All around me, people in suits and too much hair gel swarm in and out of condos and skyscrapers all in slightly different shades of beige. Underground tunnels connect buildings and bus stops to each other, so the streets feel eerily empty. The tunnels are bustling with people hiding from the sun in Starbucks and chain shops.
My only conversation was with a suited man who saw me with my backpack and seemed excited to talk to me about my travels, but as soon as I asked him what he did, he looked down and muttered that he worked for the man (the bank), then quickly departed.
*NOTE TO SELF: never take a job that I’m literally to ashamed to talk about. No matter how much it pays, it isn’t worth it.
I dived underground to find wifi, but was so unnerved by the city that I decided to spend the last two hours of sunlight desperately trying to flee Dallas and make it to Oklahoma. I failed. Several people flipped me off, most people glared with a kind of disgusted grimace, no one stopped. I found a McDonalds. Worst case scenario, you can always drink hella coffee in 24-hour joints and just wait for the sun to come back up.
Worst case scenario. It is awful. And sitting in McDonalds, listening as a Burger King commercial come on TV, I thought I felt my soul scream. But around 11pm, a friend of a friend from Tar Sands Blockade called. He had a car! And a bed for me to sleep in! Rather than stay the night in the grossly sanitized faux-diner booth, I stayed up all night talking about the true stories from TSB, about social conflicts, about climate change.
By morning I was back on the road, determined to get out of Dallas. For about two hours I stood by the on-ramp downtown. In case you don’t know, hitchhiking in the city is nearly impossible. People always assume someone else will stop. Or maybe they just are more bitter. I’ll never really know. At one point my wait was interrupted by a cute antiques dealer who asked about my travels, thanked me for inspiring him, and handed me a $50 bill (this is dangerous! I am now terrified I’m going to lose it!) But he wasn’t going my way.
Finally I did get picked up. What a trip. Hanging from his rearview mirror was a Jesus figurine and a cross, and religious books were piled up in his back seat. He was in Dallas to volunteer with Meals on Wheels. His three kids were about 10 years older than me. I felt immediately safe. But that was the wrong instinct. He started talking about how he couldn’t help being attracted to me, how the fact that I hadn’t showered all week was sexy, my smell was sexy. At no point did he physically threaten me, but this was by far the scariest ride I have been in. He let me out with no trouble, but it definitely shook me up. It reminded me that you can’t ever rely on your assumptions, that every person is both a potential friend and a potential threat. Fortunately, I am safe.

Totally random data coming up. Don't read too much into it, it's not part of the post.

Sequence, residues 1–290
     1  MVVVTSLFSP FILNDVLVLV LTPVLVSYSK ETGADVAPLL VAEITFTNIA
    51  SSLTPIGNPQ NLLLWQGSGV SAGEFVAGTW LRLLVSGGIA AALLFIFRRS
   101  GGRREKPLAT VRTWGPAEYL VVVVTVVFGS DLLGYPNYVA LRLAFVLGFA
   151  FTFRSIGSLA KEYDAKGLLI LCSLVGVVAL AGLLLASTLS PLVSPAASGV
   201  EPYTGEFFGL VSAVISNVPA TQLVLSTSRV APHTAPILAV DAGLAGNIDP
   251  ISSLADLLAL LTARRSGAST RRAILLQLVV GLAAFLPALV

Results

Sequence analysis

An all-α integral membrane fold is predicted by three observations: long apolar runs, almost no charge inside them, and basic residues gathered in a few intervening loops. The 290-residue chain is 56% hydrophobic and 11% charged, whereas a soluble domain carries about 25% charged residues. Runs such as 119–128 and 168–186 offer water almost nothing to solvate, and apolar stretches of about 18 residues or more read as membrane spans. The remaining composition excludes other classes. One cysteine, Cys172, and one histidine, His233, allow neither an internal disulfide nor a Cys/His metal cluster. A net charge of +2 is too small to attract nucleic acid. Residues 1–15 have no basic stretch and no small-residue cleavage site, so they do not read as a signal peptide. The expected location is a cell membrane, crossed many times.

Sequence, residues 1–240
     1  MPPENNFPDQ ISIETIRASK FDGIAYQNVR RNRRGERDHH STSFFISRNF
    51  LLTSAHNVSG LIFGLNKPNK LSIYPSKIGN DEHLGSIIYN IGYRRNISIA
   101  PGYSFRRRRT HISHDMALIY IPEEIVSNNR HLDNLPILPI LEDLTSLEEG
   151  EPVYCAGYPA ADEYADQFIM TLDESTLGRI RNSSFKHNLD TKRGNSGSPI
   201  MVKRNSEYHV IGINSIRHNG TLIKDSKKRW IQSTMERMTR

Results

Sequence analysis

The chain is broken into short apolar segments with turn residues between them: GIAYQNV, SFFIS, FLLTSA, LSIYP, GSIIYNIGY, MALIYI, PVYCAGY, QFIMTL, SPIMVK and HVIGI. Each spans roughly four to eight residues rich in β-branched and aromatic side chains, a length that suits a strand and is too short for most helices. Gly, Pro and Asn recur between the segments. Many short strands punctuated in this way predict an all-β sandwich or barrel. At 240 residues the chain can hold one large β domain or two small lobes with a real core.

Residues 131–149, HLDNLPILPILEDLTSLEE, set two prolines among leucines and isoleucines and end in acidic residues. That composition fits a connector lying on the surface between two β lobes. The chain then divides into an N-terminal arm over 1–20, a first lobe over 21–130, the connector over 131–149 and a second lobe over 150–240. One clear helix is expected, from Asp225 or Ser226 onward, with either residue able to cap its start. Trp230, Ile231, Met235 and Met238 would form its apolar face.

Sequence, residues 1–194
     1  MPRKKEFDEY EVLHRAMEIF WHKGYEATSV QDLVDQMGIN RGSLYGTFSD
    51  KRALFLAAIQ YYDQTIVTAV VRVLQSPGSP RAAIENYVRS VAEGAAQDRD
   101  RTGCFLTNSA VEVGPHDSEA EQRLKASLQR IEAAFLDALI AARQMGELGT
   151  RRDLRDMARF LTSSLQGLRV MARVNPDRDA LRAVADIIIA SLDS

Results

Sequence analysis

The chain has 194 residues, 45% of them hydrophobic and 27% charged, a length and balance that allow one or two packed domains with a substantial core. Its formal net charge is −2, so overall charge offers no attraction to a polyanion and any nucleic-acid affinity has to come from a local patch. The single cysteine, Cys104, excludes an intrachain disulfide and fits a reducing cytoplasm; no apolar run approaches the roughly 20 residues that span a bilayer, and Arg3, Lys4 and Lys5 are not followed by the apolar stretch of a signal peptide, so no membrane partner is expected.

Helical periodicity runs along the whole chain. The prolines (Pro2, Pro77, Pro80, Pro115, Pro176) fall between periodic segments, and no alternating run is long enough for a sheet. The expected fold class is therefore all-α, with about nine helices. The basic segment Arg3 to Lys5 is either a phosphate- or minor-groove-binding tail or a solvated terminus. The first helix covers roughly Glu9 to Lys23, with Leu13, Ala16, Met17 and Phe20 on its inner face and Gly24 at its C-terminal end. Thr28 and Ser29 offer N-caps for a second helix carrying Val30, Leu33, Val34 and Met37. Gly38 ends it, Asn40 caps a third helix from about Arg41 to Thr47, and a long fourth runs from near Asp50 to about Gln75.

My next ride was only a little less frightening. He was an ex-army ops guy who picked me up because he could empathize – he’d been homeless for a while before the army – and drove me just a few exits to the edge of town. He spent our entire (short) trip, talking about his PTSD and telling me all the various ways I might be raped, murdered, or otherwise killed on my travels.
“I don’t want to scare you, but you might get stranded in the middle of nowhere and slowly die from lack of food and water, or you might get eaten by a mountain lion. You should have a gun. I don’t have a gun, I’m not allowed to have a gun because I’m dangerous enough anyway. But you should have a gun.”
My blood was pumping pretty hard when he dropped me at the further gas station out of town, so I decided to just hang out for a minute with my banjo, and try to calm down. But immediately I was offered a ride by two of the nicest truckers I’ve met, and they dropped me off nearly on the front porch of my good friend here in Norman, Oklahoma. The two of them had been friends since they were kids and had been driving together for nearly two decades.
And now I’m staying with my friend and his family in the hippest town I can imagine existing in Oklahoma. I’m sitting in a coffee shop that feels like it’s more suited to Oakland or Portland, with a radical free library and bikes hanging from the ceiling. This family is feeding me delicious food, and getting me drunk on some of the best wine I’ve ever tasted.
and…I feel happy!
My thoughts about climate change, activism, hopelessness, etc have not shifted much, but I think at least some of the crushing sadness I was experiencing came from loneliness, isolation, lack of physical touch. Sharing kisses with my date in Houston and friendly affection with the friends I’ve made has really pulled me out of a dark place. I have decided to take a break from the darkness for a week, and am currently deciding whether to try to visit my sweetheart in Boise, my close friends in New Orleans, or my wandering lover in Georgia, but I know I need to be around my community to stay happy. People are important, and wandering forever will never work for me because the solidarity I have with my community is absolutely a part of who I am.
I hope to share some more stories and reflection on love, travel, and loneliness soon. Thanks for the reassuring phone calls, emails, comments, letters. All of it keeps me going.